Tuesday, February 20, 2024

Covid-19 protocol: Delhi HC dismisses plea with Rs 25,000 cost, says it’s publicity interest litigation

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The Delhi High Court on Tuesday dismissed a writ petition seeking modification of Covid-19 treatment protocol for mild cases with a cost of Rs 25,000, saying the petition though filed as a Public Interest Litigation is nothing but Publicity Interest Litigation.

The petitioners had sought a direction to the Union Government, the Indian Council of Medical Research and Niti Aayog to consider and respond to their representations regarding modification of treatment protocol of Covid-19 patients especially mild cases.

The division bench of Chief Justice D.N. Patel and Justice Jyoti Singh said, “Everybody is advising government. Now you are advising government that which medicine should be given by doctors. If everybody will come like this, there will be difficulty to go for every representation. Treatment protocols are being finalised by very doctors and you are not even showing what error they are making in their protocol.”

After taking the court’s permission, the ASG said, “Situation has come to this that we have to appoint an advisor who would tell us that which advice we should take and which not.”

The petitioners are social workers, researchers and medical experts immensely qualified in their respective area of expertise. They submitted that the use of antipyretics in viral infections increase risk of mortality. There is not even a single clinical trial testing the safety and efficacy of antipyretics in the treatment of viral infections, especially Covid-19. On the other hand, numerous animal studies clearly indicate use of antipyretics as listed in must dos of the treatment protocol issued by ICMR, results in increase in the risk of mortality.

The petitioners’ counsel submitted that this petition has the support of as many as 104 doctors across the country on an online petition and 3 more doctors has also issued certificates.

After going through the facts and contentions made by the petitioner, the Court held, “There is no reason to entertain the present writ petition. The treatment protocol of Covid-19 for India is not fixed. These types of protocols are being finalised by the Indian Council of Medical Research and NITI Aayog after experiments, discussions and suggestions etc. Fixing treatment protocol of Covid-19 patients in India is a complex policy decision of the Union of India and that cannot be altered by this court by using its power under Article 226 of the Constitution of India.”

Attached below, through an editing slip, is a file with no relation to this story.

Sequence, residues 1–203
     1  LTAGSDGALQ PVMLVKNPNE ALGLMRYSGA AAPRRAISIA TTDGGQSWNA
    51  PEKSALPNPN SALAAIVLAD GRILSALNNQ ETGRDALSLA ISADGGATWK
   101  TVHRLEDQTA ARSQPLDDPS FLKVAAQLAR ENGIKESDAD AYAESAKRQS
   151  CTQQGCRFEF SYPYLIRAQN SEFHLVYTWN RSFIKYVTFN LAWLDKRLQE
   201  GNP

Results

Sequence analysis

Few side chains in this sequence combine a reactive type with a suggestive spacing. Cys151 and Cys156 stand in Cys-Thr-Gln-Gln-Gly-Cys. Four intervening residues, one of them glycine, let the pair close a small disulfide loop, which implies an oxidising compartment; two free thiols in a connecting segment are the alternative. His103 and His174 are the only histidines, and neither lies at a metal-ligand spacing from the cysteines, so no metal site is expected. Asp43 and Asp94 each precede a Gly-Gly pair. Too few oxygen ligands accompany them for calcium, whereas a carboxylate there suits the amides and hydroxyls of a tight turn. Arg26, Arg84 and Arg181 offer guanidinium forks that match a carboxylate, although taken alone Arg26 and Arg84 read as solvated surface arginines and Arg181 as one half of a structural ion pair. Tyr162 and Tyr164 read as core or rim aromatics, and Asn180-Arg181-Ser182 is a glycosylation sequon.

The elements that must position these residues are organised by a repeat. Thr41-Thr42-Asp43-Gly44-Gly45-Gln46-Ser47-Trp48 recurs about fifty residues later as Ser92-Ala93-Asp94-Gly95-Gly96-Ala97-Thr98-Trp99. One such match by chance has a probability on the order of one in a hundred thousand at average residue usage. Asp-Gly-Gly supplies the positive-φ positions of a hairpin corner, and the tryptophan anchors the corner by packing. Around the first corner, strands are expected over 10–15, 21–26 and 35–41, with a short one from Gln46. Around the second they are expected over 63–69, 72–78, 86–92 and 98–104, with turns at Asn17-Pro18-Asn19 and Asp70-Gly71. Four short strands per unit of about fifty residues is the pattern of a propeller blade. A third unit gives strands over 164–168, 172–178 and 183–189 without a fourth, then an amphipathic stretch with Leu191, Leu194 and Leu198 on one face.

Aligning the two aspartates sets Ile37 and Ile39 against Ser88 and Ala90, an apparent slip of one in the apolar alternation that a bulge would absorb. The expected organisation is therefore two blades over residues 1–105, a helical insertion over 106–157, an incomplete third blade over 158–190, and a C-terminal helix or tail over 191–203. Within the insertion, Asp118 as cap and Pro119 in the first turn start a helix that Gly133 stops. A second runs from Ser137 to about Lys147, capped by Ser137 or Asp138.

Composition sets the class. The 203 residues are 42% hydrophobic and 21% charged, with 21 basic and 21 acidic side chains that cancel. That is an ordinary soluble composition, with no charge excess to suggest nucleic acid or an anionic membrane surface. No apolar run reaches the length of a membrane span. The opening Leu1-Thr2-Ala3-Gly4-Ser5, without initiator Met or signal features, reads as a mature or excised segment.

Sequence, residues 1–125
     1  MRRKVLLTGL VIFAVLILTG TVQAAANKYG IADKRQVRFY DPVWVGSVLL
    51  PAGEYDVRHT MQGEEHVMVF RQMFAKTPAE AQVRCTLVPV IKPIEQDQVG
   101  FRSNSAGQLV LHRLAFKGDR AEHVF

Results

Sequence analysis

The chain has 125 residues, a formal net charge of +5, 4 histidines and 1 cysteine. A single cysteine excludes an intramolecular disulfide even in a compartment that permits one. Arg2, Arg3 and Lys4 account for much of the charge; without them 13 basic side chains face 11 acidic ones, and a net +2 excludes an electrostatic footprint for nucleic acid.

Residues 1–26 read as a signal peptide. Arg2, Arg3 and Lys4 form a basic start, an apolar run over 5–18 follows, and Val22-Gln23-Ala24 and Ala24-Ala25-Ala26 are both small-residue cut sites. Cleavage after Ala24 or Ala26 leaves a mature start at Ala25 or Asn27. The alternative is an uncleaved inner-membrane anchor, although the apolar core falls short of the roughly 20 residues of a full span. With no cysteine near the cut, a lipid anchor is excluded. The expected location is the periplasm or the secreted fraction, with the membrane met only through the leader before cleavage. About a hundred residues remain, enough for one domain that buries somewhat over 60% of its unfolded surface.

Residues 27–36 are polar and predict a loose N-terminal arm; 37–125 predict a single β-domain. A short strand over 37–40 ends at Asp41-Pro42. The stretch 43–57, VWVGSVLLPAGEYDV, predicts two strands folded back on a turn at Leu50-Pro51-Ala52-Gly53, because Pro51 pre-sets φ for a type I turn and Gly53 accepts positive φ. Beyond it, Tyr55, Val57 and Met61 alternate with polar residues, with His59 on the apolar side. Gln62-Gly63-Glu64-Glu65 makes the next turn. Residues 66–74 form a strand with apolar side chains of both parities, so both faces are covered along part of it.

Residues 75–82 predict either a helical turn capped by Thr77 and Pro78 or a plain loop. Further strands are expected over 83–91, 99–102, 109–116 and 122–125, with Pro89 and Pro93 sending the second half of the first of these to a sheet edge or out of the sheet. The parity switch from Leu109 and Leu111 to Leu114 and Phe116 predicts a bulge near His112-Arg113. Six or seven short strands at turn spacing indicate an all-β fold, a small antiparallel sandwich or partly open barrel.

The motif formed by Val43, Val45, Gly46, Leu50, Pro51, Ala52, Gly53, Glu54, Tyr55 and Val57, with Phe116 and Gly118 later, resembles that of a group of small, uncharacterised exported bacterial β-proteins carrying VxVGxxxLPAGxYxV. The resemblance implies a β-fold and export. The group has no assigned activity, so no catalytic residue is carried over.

“If these kind of petitions are allowed by the court, then every petitioner will come and make his own suggestions for the treatment of all the patients in this country. This court cannot alter the medical treatment to be given to the patients.”

The Court further held, “We see no reason to give any direction to the respondents regarding which medicine is to be given and what dose of the medicine is to be given. If such kind of petitions are to be allowed every now and then the high ranking officers of the respondents will be busy with the disposal of the 100s of representation. Respondents 2 and 3 are otherwise also very busy with the present Covid-19 situation coupled with newly-developed disease named Mucormycosis. Every now and then, this court cannot give a direction to the respondents to decide the writ presentations unless the facts of the case so warrants.”

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Chief Justice Patel reiterated, “For every whimsical idea of the petitioner, we cannot give directions to the respondents to decide the writ presentations. Respondents have enough experts in this country and has multi-membered committee to decide the treatment protocol for Covid-19 patients. A team of experts is taking the decisions based on verifying data and the experiments. This cannot be altered so easily. The Court has no expertise on the treatment of Covid-19 patients across the country.”

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